Wednesday, 30 October 2013

Broken Barnet plc- the bank that like to say yes - to Capita, or: another version of the truth

But first make out a cheque for £16.1 million to 'Crapita', Councillor Cornelius

Following on from the last post, then, here is a more forensic examination of the most interesting revelation to emerge, wriggling,  from the can of worms that is the NSCSO Capita contract, so happily agreed by our Tory councillors last December, and an admission which was the subject of Mrs Angry's awkward questions put to last week's Audit meeting.

If you recall, John Dix, blogger Mr Reasonable, has identified recently that huge payments have been made by the council to Capita - totalling more than £30 million. 

When asked about this matter by a councillor at the contract monitoring committee a couple of weeks ago, the head of Capita in Barnet said this represented 'interim' payments relating to the period during the Judicial Review. Protest from the public gallery refuted this, and residents informed the meeting that this was not true, and he then deferred to the senior officer present, who could not or would not respond, and said she would only do so privately to the councillor.

At last week's Audit committee meeting, questions from Mrs Angry, which had been allowed only after much argument, and strong opposition from senior officers, confirmed that only some of the £30 million was for interim payments, of which £4.1 million was due to be returned -and that was mysteriously refunded over the weekend between the submission of the questions and the meeting.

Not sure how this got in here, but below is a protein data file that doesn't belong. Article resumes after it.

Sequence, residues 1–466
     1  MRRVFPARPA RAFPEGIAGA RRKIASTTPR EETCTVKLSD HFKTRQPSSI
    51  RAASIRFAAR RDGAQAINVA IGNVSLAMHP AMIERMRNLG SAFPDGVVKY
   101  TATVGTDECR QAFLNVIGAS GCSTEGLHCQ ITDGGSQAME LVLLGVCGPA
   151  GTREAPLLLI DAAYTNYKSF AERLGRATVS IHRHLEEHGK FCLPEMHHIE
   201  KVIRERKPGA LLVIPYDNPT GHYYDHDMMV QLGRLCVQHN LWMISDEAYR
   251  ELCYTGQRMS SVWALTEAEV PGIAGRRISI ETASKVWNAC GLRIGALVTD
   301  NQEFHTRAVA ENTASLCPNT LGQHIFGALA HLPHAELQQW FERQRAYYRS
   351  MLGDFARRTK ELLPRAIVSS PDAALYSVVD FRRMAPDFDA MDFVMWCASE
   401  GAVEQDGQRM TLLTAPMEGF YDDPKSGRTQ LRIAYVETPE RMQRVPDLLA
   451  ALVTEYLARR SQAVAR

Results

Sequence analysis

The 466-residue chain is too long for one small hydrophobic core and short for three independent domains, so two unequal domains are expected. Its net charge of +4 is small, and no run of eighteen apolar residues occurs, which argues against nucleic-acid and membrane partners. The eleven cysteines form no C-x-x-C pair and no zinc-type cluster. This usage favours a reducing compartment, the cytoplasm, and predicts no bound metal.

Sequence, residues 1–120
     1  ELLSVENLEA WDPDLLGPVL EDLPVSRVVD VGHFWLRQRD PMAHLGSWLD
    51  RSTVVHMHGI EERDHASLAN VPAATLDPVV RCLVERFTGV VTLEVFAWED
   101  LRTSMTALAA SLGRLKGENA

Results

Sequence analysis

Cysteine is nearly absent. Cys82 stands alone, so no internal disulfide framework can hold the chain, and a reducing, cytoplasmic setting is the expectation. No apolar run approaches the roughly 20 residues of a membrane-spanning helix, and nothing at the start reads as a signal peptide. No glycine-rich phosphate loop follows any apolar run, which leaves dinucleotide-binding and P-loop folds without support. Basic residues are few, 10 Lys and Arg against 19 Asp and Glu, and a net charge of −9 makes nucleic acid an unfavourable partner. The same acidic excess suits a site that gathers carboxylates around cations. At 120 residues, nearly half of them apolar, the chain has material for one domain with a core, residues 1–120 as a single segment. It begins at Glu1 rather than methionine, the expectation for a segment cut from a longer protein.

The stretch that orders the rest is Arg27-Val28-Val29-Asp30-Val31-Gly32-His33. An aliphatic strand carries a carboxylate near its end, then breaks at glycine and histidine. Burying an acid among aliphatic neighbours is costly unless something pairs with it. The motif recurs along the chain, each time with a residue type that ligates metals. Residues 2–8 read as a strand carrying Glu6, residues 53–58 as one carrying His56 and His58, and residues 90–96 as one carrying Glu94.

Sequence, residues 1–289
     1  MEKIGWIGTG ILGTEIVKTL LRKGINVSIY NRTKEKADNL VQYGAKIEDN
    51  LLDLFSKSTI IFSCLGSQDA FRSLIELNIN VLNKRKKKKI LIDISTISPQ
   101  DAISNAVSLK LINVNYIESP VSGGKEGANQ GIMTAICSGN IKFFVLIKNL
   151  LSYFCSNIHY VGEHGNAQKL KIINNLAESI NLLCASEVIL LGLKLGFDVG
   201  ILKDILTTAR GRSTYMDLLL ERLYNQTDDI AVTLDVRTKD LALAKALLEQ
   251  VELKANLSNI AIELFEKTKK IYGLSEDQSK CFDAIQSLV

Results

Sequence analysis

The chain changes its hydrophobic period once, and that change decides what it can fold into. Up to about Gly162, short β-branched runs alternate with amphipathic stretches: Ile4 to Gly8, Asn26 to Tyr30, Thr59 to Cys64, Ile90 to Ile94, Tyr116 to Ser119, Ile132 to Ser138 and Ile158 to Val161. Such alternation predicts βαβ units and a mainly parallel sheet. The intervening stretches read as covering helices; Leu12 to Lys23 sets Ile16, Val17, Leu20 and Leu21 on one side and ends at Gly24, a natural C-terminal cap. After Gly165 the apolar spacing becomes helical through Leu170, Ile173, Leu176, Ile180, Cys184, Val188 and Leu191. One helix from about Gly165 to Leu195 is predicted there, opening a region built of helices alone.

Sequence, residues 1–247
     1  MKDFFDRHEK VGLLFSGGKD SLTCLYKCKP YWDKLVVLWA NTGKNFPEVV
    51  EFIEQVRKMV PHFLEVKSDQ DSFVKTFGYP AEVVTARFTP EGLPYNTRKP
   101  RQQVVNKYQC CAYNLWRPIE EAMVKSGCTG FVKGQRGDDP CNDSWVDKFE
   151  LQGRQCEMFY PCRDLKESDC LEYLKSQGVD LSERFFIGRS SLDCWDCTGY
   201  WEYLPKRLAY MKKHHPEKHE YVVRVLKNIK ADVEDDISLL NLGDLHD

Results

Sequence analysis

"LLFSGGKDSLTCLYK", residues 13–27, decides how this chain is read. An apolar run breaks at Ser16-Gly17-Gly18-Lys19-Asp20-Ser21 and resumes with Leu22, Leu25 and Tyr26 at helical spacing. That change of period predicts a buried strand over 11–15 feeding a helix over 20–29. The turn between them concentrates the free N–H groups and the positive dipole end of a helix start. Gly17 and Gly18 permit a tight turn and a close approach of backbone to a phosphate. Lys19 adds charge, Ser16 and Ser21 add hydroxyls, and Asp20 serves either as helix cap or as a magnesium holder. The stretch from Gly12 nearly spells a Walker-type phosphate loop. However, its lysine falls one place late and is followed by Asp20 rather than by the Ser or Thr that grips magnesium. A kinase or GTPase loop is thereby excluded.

Other amounts of the total sum, it transpired, a staggering £16.1 million, represent a previously unacknowledged and frankly astonishing amount of capital investment demanded from Barnet Council by Capita as part of the new 'partnership'.

Why is this astonishing? Because until now, we have been given to understand that the outsourcing programme was necessary so that Capita could provide the capital investment that our services require, and in order to make savings.

Take a look at this post by fellow blogger Mr Mustard, here  from 10th December 2012, only four days after the fateful council meeting in which our Tory councillors signed off the deal with Capita. 

The post is entitled "Investment" = borrowing from Capita" in which he took Cllr Robert Rams to task for this letter sent to the local Barnet Times: 

As you will have read, Tory cabinet member Rams, one of the key advocates of the One Barnet privatisation, is here castigating the Labour group in Barnet for daring to suggest that instead of outsourcing, there could be an in-house solution, saving jobs, and keeping all efficiency savings for local residents rather than in order to line the pockets of Capita shareholders. Rams tweeted on 30th November:

Barnet Labour Party let the cat out of the bag last night - their alternative to outsourcing is to BORROW £13.5m to pay for new IT!!

Neither a borrower nor a lender be: just hand residents' council tax over to Capita as a lovely present.

In fact Mr Mustard's heading is wrong, because now  we know that "Investment" = not borrowing money from anyone, but giving money to Capita ...

Councillor Rams says that for the council to borrow this level of funding for investment would cost every man, woman and child in Barnet £41. Instead of such financial profligacy, the idea was that our prudent Tory councillors would be given this investment by Capita, as detailed in the business model shown in Mr Mustard's post: 

It states here: 

"Capita has planned investment of £17.5 million to transform the services ..."

Perfectly clear: and we were told constantly by our Tory leader and councillors that this investment by Capita was what was needed to sustain and even exceed the standard of service provision. At no time were we given to understand that Barnet Council would be funding the investment itself, or rather that Barnet taxpayers would be stumping up the cash.